But good luck didn’t hold out quite as long as hoped. Lissa’s father became ill with heart disease, and eventually succumbed, leaving three grieving souls behind: his daughter, his wife, and his cat.
When Ting herself developed a heart condition at age fourteen, Lissa and her mother were determined at all costs to heal her. It was as if losing Ting would have been akin to losing her father all over again. Surgery ensues, and then the endless battle to protect stitches from a cat’s relentless tongue. Mother and daughter even buy onesies for babies and try to wrap Ting up to protect the incision:
“As for me, I’m not unaware that I’ve become a thirty-six-year-old single woman who lives with her mom and dresses her cat in baby clothes. But I don’t care. I’ve shimmied far enough up Maslow’s hierarchy that it doesn’t much matter what others think about me. All I want is for Ting to be well…..”
As Ting improves and moves happily into older age, Lissa finds herself undergoing tests and fighting down fears as she feels something amiss in her own body. Illness is bearing down on her, but it will not quash her optimism, which seems to be the gift of her late father, and one she cherishes and honors.
Warren writes with unapologetic zest about cats in general and her cat in particular. Her family is atypical in many ways, and she’s quite aware of that. But the intensity of their devotion to each other is enviable and really, these days, maybe extraordinary.
The good luck Ting has brought to the Warrens may not always seem evident, but it is there, part of the little grey ball of fur, seeking out the swath of sunlight on the carpet, and purring as if life depended on it. And maybe it does.

Wednesday, February 4, 2015

Review: GOOD OLD DOG: Expert Advice for Keeping Your Aging Dog Happy, Healthy, and Comfortable

By the Faculty of the Cummings School of Veterinary Medicine at Tufts University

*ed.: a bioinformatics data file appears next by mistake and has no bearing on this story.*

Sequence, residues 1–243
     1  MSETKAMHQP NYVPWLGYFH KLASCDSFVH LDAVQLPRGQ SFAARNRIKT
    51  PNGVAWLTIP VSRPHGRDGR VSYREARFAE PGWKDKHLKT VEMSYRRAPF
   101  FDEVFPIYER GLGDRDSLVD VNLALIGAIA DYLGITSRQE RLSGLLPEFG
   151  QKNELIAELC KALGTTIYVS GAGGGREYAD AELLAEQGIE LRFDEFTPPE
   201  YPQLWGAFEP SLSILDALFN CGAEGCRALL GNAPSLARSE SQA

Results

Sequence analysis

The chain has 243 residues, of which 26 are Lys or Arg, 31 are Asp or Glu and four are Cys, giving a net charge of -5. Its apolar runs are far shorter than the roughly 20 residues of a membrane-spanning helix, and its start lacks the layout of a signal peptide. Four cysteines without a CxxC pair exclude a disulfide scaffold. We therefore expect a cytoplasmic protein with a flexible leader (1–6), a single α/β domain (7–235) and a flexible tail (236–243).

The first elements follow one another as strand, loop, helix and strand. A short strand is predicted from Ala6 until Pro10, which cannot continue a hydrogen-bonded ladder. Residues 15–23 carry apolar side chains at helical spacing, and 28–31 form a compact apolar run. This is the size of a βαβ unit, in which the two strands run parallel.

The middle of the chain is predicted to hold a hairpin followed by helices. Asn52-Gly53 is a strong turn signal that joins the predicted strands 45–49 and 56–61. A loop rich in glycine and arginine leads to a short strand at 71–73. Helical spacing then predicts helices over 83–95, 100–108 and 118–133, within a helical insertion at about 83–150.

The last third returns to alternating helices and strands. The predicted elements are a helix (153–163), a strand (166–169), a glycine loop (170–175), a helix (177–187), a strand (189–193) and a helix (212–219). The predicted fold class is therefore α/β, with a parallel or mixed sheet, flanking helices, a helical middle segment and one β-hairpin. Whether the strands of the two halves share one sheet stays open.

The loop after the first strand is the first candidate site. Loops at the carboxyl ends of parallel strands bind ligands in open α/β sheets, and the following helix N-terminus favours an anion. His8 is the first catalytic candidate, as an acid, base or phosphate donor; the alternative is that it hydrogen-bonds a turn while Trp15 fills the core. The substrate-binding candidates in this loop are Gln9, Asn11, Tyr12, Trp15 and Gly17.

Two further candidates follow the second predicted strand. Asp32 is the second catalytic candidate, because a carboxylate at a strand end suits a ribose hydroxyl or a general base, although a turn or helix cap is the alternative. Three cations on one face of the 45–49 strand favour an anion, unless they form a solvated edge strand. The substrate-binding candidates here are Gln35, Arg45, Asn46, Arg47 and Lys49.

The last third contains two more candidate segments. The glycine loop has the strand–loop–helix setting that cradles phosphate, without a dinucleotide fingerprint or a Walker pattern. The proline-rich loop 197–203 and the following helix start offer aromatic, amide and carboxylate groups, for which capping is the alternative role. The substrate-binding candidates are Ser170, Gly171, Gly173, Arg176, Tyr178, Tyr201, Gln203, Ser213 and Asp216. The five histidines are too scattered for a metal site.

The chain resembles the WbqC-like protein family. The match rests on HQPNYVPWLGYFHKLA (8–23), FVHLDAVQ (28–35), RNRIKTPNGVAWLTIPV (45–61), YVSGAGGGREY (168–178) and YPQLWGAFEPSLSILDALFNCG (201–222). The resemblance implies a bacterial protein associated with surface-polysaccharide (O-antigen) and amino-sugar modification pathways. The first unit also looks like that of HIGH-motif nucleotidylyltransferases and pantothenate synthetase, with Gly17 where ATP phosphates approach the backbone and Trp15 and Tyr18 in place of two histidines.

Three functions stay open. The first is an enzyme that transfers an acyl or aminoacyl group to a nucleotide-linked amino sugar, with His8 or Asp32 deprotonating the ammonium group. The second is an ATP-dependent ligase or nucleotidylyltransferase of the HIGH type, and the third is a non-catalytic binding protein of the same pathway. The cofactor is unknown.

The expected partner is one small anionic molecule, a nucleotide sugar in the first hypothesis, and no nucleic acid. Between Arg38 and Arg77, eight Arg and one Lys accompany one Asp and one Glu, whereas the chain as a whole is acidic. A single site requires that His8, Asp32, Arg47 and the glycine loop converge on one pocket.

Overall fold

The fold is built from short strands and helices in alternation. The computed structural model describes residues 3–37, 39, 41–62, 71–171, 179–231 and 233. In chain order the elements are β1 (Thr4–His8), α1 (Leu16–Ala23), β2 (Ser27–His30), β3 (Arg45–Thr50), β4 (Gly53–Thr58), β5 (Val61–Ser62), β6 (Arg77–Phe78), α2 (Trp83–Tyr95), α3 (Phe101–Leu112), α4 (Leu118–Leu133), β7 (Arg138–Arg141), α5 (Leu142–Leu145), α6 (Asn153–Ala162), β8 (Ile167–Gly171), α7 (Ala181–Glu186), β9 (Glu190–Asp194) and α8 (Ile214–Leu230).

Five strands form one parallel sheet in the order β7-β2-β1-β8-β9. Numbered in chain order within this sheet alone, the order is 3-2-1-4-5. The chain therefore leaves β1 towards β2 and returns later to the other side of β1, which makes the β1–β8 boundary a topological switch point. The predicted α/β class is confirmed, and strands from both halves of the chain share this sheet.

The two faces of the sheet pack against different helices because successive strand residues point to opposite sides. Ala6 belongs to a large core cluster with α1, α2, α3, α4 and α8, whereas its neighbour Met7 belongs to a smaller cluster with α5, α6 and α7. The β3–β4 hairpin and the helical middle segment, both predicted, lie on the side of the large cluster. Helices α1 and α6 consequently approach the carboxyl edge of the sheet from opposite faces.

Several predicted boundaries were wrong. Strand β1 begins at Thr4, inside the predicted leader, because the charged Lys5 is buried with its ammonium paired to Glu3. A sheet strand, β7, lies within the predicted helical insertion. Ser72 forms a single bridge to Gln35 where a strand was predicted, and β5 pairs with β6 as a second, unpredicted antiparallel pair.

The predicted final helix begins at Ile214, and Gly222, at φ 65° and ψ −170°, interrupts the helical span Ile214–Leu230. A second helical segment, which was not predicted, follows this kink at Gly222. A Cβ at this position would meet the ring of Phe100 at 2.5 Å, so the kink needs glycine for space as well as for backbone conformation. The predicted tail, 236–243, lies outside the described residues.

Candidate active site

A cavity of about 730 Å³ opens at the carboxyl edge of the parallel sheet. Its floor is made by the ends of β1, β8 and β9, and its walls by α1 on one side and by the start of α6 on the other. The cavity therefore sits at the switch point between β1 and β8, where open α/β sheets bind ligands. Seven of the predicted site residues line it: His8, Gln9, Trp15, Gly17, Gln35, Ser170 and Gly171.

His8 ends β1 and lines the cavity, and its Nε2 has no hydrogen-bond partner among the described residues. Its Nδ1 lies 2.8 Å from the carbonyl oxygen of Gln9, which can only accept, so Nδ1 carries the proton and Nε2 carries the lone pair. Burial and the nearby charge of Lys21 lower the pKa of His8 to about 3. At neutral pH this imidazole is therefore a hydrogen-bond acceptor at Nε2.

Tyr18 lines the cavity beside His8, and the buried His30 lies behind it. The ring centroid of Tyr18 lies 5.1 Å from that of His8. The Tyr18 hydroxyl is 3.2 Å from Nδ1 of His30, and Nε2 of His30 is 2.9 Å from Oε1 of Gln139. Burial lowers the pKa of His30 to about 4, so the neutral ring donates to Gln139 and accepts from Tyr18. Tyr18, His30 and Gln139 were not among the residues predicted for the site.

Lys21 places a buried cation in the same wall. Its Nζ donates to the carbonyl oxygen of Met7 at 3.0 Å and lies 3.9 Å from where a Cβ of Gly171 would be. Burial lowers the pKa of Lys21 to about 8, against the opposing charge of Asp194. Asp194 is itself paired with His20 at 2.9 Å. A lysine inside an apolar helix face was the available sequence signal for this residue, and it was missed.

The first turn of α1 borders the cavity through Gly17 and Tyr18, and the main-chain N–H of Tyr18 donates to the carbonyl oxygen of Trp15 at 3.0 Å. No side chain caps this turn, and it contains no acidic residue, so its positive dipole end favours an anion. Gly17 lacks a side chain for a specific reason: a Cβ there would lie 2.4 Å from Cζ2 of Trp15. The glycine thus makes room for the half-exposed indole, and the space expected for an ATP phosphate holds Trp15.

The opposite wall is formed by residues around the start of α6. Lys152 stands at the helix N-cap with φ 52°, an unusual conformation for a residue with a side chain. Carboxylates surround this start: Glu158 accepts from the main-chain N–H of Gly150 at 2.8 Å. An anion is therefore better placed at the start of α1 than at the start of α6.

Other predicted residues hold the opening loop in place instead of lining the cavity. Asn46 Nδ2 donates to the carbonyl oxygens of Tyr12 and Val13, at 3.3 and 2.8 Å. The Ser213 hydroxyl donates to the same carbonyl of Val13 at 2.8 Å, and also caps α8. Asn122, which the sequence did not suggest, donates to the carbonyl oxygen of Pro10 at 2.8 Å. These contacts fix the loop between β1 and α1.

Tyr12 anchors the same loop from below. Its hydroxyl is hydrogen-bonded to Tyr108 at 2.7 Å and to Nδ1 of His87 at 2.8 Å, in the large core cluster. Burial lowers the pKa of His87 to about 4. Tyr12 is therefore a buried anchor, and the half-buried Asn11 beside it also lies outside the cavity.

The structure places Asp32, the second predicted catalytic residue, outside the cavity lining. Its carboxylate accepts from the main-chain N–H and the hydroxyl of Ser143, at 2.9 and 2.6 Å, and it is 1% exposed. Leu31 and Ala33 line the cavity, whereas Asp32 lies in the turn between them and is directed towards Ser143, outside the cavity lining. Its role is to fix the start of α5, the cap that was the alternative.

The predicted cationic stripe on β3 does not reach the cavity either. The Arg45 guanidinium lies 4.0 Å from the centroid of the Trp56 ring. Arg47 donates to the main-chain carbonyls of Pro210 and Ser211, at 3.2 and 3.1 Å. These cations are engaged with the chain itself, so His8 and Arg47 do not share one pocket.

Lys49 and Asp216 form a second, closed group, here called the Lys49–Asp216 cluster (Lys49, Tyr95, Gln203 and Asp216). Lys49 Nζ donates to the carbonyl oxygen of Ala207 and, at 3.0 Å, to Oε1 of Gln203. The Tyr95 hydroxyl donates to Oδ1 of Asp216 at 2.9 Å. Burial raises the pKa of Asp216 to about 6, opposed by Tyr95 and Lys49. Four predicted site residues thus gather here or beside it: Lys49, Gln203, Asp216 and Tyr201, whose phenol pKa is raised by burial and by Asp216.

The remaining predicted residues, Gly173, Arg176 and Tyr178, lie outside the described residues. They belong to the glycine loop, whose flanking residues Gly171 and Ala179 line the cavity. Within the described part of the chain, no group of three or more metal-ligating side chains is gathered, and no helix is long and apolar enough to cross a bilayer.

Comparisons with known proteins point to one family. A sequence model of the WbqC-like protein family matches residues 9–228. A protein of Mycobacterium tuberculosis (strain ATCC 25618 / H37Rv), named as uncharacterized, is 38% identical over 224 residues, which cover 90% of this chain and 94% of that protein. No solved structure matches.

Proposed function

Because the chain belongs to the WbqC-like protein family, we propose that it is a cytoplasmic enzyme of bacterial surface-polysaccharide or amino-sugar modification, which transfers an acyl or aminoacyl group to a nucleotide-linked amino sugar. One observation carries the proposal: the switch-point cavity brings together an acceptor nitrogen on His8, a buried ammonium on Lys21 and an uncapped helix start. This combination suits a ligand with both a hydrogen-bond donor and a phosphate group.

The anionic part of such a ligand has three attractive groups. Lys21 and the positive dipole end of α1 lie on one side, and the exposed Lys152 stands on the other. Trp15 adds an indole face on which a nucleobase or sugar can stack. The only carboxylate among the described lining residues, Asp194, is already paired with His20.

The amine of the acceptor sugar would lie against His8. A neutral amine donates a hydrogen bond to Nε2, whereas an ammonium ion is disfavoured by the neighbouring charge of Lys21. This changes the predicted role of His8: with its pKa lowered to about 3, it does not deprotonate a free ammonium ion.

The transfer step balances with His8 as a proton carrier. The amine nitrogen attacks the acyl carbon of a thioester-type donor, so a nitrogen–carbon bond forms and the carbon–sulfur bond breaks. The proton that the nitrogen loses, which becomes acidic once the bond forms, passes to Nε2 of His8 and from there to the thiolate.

Edited by Nicholas Dodman, with Lawrence Lindner
Geriatric is the term used for anyone—human or otherwise—who has reached the 75th percentile of his or her expected lifespan. So, that would apply to me and to my athletic blonde Lab mix Katrina. I’m 57, she’s 10. But, as this book points out emphatically, being labeled geriatric doesn’t mean we’re doddering or frail.  It’s not a disease or a prognosis implying imminent death. (Anyone who has visited my Facebook page knows that Katrina is my intrepid companion on three- to five-mile jogs taken four or five times a week; that she joins me snowshoeing when weather demands it; and that she dances. Beautifully. Our Sophie is also 10 years old, but being a smaller dog is likely going to enjoy a longer lifespan. She, however, is more of a coach potato. Nellie the cat is 12 and on the outer edges of geriatric.)
In Katrina’s case, there are many ways to lengthen and enhance her life, and that of other older dogs, through wellness and preventive care. The faculty of the Cummings School of Veterinary Medicine at Tufts University provide anecdotal examples of treating geriatric canines, and also explain the most common issues dogs of a certain age must face.  They begin with nutrition—certainly one of the most confusing aspects of dog care. Do we switch our dogs from their regular food to a “senior” food? What are the differences, if any? Are there actual dangers involved with some of the new trends in feeding? (The answer is yes, unfortunately.)